Australia is bracing for its second major cyclone in two weeks as a storm with winds of around 280km/h (175mph) headed for its western coast.
Glenda's effects are expected to be felt sometime on Thursday
Cyclone Glenda was expected to hit north-west Australia's Pilbara coastline late on Thursday.
A major iron ore port on the Pilbara coast has sent its ships out to calmer waters, and the 10,000 residents of the coastline are preparing their houses.
Australia's north-east is still recovering from Cyclone Larry.
That storm, which hit the state of Queensland, caused no fatalities but left a damage bill which is expected to top AU$1bn (US$707m).
A weather forecaster told ABC radio on Wednesday that Cyclone Glenda's current wind speeds were similar to that of Larry's prior to it hitting the coast.
"It is a very large system, one of the strongest cyclones we have seen off our Australian coastline," Gavin Edmonds said.
Australia's bureau of meteorology warned that the storm's effects might be felt even before it hit land.
"Residents of the central and west Pilbara coast are warned of the risk of very destructive winds... during Thursday as this very dangerous cyclone nears the coast," it said in a statement.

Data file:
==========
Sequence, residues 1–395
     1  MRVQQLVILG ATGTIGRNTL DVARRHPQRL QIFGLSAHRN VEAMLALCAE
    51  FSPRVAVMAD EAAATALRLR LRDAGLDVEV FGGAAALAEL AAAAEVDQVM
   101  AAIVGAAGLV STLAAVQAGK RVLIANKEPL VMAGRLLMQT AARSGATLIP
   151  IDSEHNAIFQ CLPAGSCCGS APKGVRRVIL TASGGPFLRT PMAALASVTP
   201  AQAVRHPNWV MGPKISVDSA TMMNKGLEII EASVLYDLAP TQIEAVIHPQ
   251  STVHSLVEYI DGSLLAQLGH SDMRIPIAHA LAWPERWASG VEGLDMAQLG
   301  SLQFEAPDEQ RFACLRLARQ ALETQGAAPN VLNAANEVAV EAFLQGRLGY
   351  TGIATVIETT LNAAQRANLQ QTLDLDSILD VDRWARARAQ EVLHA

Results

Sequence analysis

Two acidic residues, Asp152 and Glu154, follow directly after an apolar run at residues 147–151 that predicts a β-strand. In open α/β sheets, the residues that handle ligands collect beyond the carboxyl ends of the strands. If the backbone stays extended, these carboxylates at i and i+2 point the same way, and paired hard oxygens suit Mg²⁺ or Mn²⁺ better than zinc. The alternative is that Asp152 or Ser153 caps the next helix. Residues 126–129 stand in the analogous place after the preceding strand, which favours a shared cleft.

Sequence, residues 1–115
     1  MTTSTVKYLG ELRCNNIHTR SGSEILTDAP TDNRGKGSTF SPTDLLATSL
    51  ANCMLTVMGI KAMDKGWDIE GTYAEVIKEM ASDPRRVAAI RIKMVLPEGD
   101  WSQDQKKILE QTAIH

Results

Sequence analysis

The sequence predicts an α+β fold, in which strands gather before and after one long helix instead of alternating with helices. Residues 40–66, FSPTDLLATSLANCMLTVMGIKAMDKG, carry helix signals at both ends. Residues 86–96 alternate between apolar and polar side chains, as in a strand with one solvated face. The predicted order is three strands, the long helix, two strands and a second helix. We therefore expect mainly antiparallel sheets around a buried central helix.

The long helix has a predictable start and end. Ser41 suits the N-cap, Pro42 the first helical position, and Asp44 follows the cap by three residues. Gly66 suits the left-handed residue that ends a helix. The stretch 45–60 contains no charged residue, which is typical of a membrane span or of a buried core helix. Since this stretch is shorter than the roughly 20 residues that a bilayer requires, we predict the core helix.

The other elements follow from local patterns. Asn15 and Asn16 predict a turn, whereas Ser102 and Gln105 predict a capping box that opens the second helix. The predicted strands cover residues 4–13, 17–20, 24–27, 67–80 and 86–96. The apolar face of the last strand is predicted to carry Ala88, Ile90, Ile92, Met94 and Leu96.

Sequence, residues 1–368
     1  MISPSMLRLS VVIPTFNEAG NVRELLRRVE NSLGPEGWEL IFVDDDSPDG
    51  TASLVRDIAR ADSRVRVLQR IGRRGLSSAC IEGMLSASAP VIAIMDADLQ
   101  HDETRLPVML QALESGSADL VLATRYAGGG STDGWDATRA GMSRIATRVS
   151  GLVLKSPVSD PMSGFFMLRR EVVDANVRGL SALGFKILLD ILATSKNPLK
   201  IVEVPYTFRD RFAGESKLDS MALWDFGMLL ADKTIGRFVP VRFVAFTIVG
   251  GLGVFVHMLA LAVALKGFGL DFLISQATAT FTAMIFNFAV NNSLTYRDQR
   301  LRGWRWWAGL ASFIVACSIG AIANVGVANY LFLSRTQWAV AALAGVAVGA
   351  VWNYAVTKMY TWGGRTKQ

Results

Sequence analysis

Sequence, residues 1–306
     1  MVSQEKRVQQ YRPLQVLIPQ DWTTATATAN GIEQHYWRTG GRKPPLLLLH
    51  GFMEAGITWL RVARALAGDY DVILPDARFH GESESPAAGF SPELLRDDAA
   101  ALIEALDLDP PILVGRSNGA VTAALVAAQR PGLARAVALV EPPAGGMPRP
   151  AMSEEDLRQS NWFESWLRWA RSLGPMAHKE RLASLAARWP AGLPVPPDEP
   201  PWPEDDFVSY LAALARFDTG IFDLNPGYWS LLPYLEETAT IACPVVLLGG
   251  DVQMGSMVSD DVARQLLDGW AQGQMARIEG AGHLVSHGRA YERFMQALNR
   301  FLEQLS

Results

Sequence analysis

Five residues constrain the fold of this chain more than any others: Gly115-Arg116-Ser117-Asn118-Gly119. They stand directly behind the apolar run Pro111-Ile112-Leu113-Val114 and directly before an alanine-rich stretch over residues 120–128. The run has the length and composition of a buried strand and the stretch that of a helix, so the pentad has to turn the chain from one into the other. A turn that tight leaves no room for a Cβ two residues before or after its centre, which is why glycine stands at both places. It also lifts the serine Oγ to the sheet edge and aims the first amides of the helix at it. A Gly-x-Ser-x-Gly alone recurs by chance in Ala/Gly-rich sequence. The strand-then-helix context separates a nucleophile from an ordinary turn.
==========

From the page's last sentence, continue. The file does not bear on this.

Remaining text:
Vic Justice, harbour master at the mining community of Dampier, said residents were preparing.
"Everybody's been busy lashing down, tidying up, putting things away and getting ready for the cyclone," he told the Associated Press news agency.
Global mining giant Rio Tinto has halted its iron ore shipping operations on the coast ahead of Glenda, Australia's Daily Telegraph reported.
"At this stage we are in full tie-down at the ports, which means basically we have sent all our ships out to sea and stopped all operations at the port," a Rio Tinto spokeswoman said.